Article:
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There isnt much more to add. Is it possible to build a torrent client using only HTML and JavaScript. You can not use things like Java, ActiveX, NaCl... If yes, please give a high level description.

I dont have much knowledge about front end dev, but I think websockets will be able to do the networking (is it possible to connect one client to another without having all data go through a server?). I know that you cant write files using JavaScript so I think the file thats being downloaded will either have to be saved completely in the memory, or the client will have to use one of the new APIs in HTML5 for storing content.

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I guess the question is more towards: is there a node "browser"? – Yauhen Yakimovich Jun 5 '13 at 15:28
Have you seen this - – Tushar May 7 '14 at 17:57 Repository unavailable due to DMCA takedown. – Viter Rod Feb 19 '15 at 15:54
up vote 10 down vote accepted

There's a recent implementation based on WebRTC that works in node and the browser:

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No. It's not.

This is because the WebSocket specification falls outside of HTML5 and JavaScript ;-) That being said, opening up the question to "using features supported natively in [progressive/upcoming] browsers" then...

...still no :-)

This is because WebSocket requires a special handshake to setup with restrictions. It's not a free-for-all open-TCP-fest. The approach would require either

  1. clients to be modified to accept WebSocket requests (as well as dealing with any cross-site access issues)

  2. or, more realistically, a server to bounce through

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1. Will I be able to do this modification or will it have to be done by the developers of the browsers? 2. Will all information go through the server (as in every single bit of every file indexed by the tracker) or only the handshake? Thanks! – quilby Jan 23 '11 at 20:30
@quilby 1. The modification would need to be per client accepting WebSocket requests (read: other torrent clients -- there is "cross-domain" restrictions imposed, as with XHR etc., which would still render this approach unusable) 2) All information, possibly encrypted via TLS from client to server (but not from server to other clients). In addition, WebSocket does not establish a mechanism to accept incoming requests (although with the server in play lots of interesting things can be done). Some torrent clients will balk at not being able to make back-connections and refuse to even play. – user166390 Jan 23 '11 at 21:00
@quilby Some torrent clients do support various encryption methods (on either the header or entire stream). This should not be taken as providing any sort of real privacy though and would just be another issue to deal with. – user166390 Jan 23 '11 at 21:06
It seems this problem has been solved in recent browsers with support for WebRTC: – Laurent VB Oct 28 '14 at 16:31

This is possible using Chrome Apps APIs: chrome.socket and chrome.fileSystem.

There is at least one pure JavaScript implementation for Google Chrome: JSTorrent.

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You can't with WebSockets because those are strictly client-server. But the upcoming WebRTC standard, while being mostly targeted at audio/video conferencing, has a provision for generic client-client data transfers. If this provision makes it to the final version, then you'll have a viable way to implement generic peer-to-peer data transfers between browsers.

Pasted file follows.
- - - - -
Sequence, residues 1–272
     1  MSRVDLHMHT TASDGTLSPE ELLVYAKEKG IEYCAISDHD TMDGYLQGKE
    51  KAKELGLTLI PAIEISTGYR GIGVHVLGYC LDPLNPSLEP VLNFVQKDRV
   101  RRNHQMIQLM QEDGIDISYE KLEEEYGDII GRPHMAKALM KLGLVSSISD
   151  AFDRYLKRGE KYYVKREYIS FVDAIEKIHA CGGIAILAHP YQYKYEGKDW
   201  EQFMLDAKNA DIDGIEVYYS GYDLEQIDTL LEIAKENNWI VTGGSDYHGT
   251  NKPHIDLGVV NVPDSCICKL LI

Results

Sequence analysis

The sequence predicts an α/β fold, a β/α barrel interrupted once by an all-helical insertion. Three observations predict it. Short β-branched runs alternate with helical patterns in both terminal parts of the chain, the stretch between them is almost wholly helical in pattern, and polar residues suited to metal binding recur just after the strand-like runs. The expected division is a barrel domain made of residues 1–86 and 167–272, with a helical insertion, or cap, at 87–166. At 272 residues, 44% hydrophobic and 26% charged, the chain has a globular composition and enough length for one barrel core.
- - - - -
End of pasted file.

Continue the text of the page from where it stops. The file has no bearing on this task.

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There's no good reason why this can't be done today. BitTorrent/uTorrent both have code to support websocket connections with binary frames. However, they are currently compiled without support (due to political/product reasons I think). I used to work at BitTorrent and another engineer (Arty) wrote the support. For a while it was really cool being able to download torrents onto iPads from mobile Safari. (saving directly to Google Drive funnily enough)

HTTP trackers could be configured to send Access-Control-Allow-Origin headers.

Also the tracker announce protocol could use a bit in the "key" field to indicate that the client accepts websocket connections. Then a special argument like "typewant" could indicate that the announce response should only return clients who have sent that bit.

The tracker protocol could also be extended similarly to support negotiation of WebRTC P2P DataChannel connections, so that connections could be made directly browser<->browser.

For now, we have the chrome.socket platform API, and jstorrent, a chrome packaged app (designed for ChromeOS mainly)

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A few:

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how is it possible that these lib's exists event though the answers above state that it is impossible to build it ? Edit: i guess it's because they depend on node.js and that can't run client side in the browser (nativly) ... – Nick Russler Nov 26 '12 at 13:28

I'm late to the party, but since this question is still among the top on Google's results, I'll answer anyway.

You may write BitTorrent-related web apps or browser extensions with Btapp.js, which uses a Javascript interface provided by BitTorrent Torque. When you call the connect method, the user will be prompted to install BitTorrent Torque, that's all. Some cool stuff going on if you check out existing projects using it—streaming media, drag-and-drop sharing, etc.

As for solutions without any dependency, the ones mentioned by Nick Russler still seem to be the only feasible options.

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